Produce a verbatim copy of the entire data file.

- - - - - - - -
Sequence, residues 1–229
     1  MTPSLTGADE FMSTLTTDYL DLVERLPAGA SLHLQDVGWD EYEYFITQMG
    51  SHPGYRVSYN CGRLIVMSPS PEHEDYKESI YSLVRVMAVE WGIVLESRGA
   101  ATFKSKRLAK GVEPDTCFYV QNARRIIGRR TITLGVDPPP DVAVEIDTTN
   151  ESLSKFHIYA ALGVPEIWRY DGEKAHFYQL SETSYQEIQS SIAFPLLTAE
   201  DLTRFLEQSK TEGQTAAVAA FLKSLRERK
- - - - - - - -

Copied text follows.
Sequence, residues 1–229
     1  MTPSLTGADE FMSTLTTDYL DLVERLPAGA SLHLQDVGWD EYEYFITQMG
    51  SHPGYRVSYN CGRLIVMSPS PEHEDYKESI YSLVRVMAVE WGIVLESRGA
   101  ATFKSKRLAK GVEPDTCFYV QNARRIIGRR TITLGVDPPP DVAVEIDTTN
   151  ESLSKFHIYA ALGVPEIWRY DGEKAHFYQL SETSYQEIQS SIAFPLLTAE
   201  DLTRFLEQSK TEGQTAAVAA FLKSLRERK